It is early. This is the familiar refrain. A baseball season is a marathon, and judgment in April is an errand reserved for fools.
Logic, however, offers only so much cover. It does little to make lackluster play more palatable.
Just ask the Mets, who after a 3-1 loss Saturday must face Max Scherzer on Sunday night as they attempt to avoid a three-game sweep by the Nationals.
“It is April, but it’s not going to be April soon,” said the Mets’ Jay Bruce, the rightfielder pressed into service at first base because of injuries. “We need to start playing well and we will. There’s no panic. It’s definitely not lack of effort, lack of preparation.”
The NL East was a battle between the Mets and Nationals the previous two seasons. This summer promises to bring another duel. But May Day hasn’t even arrived yet, and the banged-up Mets look punched out.
Nationals lefthander Gio Gonzalez allowed two hits, three walks and one run in 6 1⁄3 innings. He took a no-hitter into the sixth inning, when Juan Lagares lined a single. The hit spared the Mets further humiliation, but it didn’t save them from more frustration.
“He didn’t make a ton of mistakes, and when he did, we didn’t take advantage of them,” Bruce said of Gonzalez, who improved to 12-5 with a 2.96 ERA against the Mets.
Playing for the second straight day without Yoenis Cespedes and his tender hamstring, the Mets lost for the seventh time in eight games.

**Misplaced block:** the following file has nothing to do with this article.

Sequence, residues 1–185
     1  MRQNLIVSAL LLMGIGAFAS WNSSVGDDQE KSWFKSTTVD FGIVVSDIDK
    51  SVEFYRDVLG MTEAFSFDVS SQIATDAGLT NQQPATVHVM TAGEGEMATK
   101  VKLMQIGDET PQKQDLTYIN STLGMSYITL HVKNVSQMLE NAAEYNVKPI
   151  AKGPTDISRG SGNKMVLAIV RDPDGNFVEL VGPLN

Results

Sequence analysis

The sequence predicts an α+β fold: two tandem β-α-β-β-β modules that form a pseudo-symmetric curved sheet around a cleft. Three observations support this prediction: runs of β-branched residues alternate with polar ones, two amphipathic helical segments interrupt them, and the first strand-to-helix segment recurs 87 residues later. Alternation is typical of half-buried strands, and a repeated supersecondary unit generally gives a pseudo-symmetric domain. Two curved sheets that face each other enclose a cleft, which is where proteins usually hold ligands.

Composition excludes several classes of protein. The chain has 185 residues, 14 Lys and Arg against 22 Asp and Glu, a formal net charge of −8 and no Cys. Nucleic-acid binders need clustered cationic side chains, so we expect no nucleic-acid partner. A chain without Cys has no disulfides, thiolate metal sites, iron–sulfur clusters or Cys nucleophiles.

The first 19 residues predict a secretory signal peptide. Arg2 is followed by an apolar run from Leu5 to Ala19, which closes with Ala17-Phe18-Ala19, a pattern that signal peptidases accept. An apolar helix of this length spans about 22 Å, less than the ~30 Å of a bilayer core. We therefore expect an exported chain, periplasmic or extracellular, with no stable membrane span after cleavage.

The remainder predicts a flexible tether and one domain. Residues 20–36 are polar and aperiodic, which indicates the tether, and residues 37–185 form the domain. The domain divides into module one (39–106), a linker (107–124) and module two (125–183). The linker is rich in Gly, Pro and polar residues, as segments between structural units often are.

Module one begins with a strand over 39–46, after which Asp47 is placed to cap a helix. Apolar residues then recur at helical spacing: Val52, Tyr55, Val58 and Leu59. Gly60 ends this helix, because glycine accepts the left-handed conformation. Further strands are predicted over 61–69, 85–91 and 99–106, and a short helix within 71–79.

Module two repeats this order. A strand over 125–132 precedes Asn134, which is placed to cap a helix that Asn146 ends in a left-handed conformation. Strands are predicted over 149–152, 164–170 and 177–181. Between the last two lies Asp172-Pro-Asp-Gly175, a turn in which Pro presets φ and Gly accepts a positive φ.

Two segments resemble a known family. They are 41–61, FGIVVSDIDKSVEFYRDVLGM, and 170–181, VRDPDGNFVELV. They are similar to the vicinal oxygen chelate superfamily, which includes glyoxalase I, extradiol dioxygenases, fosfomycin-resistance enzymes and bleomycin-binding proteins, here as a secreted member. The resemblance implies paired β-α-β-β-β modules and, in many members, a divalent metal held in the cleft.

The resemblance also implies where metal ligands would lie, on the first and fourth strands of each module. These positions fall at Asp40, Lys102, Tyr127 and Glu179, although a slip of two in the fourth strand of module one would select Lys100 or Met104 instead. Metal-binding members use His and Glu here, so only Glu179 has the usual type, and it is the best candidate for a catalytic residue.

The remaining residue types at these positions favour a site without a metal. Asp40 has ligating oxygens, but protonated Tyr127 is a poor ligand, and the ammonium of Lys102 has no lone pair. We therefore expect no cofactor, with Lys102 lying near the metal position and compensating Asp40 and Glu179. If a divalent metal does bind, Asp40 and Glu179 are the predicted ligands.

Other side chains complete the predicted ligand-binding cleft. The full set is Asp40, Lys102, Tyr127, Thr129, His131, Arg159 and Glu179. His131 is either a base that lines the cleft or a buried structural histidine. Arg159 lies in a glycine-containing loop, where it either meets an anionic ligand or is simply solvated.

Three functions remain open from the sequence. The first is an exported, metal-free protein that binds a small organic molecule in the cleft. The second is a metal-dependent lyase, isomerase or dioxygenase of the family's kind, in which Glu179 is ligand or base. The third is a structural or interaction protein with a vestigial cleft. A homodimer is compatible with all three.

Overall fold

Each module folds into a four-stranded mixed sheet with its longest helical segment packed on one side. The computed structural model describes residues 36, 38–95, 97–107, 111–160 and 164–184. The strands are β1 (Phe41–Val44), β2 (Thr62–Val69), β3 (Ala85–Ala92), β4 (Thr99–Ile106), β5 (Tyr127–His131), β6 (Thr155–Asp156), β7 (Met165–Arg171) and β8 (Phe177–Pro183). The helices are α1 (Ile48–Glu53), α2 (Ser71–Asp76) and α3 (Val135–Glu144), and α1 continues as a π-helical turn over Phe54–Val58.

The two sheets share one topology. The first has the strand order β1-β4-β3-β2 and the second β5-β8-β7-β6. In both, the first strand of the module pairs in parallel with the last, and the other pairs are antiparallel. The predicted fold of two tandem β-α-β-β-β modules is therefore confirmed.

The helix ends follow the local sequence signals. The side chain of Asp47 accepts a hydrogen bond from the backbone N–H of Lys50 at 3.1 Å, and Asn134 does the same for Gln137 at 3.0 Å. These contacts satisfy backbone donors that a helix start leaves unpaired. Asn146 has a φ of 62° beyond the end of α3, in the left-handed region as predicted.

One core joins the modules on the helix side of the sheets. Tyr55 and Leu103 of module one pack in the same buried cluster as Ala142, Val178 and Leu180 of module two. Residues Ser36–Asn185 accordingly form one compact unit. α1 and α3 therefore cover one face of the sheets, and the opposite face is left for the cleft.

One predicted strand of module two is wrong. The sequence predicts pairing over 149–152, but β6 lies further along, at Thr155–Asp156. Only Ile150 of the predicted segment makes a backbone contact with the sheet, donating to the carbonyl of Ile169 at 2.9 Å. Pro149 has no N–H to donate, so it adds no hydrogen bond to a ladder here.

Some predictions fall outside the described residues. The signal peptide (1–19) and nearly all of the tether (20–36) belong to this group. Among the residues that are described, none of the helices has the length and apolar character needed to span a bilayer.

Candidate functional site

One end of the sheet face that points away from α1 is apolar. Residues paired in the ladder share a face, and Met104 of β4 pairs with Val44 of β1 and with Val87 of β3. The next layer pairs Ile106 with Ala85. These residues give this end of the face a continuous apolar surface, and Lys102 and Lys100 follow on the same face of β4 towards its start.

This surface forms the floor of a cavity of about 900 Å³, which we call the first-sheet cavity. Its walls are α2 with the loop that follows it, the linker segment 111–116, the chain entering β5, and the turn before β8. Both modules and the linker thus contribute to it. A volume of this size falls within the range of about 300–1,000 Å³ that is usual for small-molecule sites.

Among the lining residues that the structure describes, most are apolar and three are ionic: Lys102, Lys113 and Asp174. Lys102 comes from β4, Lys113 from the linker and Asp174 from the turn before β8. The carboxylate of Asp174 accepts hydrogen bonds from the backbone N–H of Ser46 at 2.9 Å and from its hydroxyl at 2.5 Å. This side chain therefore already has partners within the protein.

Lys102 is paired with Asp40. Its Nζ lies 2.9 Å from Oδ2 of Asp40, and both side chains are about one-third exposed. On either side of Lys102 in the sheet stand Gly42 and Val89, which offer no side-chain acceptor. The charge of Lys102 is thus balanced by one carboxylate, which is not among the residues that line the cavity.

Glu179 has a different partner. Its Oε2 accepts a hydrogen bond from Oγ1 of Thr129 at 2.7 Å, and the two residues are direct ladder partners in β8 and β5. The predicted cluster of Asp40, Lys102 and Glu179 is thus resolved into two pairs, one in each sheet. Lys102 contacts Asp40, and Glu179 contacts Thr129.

“We just haven’t caught a lot of momentum yet,” Bruce said. “We’re obviously pretty banged up right now, but it’s something we have to endure.”
Thus far, the challenge has been overwhelming, with the only victory in eight games coming when Bruce knocked in five runs with a pair of homers. During this brutal stretch, the Mets have averaged 2.9 runs, an indictment of a lineup that has been dependent on the home run.
“You can look at today,” said manager Terry Collins, who watched the Mets finish with just two hits. “When you get beat 3-1 and you think you got blown out, that’s not good. Our pitching staff has kept us in games and we’re just not getting them any help.”
While starting pitching is expected to make the Mets contenders, arms alone will not be enough. One day after a stiff neck scrubbed his scheduled start, righthander Jacob deGrom allowed three runs, eight hits and a career-high six walks (one intentional) in 5 2⁄3 innings. His 10 punchouts gave him his second straight double-digit strikeout game and the 12th of his career.
It was far from perfect, but the outing should have been good enough for a win. However, when deGrom left in the sixth inning after 101 pitches, he trailed 3-0.
“Our pitchers have done a good job keeping the games close,” Rene Rivera said. “One day, we’re going to get that walk-off hit, score some runs, and this stretch is over.”
The Mets scrounged up only one run, which came in the sixth. Jose Reyes came off the bench to work a walk and scored on Asdrubal Cabrera’s single to centerfield. But the next 11 Mets went down in order before a sellout crowd of 42,145 at Citi Field.
“It’s early,” Rivera said. “And you prefer to get this stretch out of the way early, not late. You have to keep playing hard.”
At 8-10, the Mets are off to their worst 18-game start since 2011, when they began the campaign 5-13.
The difference, of course, is expectations. In 2011, the Mets still were in the wilderness, the darkest period of a post-Madoff rebuilding. In 2017, they began the season as contenders for the division title and their third straight postseason. Lately, though, they haven’t played like it.
“It’s just one of those times,” Bruce said. “It’s not a lot of fun not winning. But there’s going to be a lot of winning baseball to be played and we’re kind of looking forward to doing that.”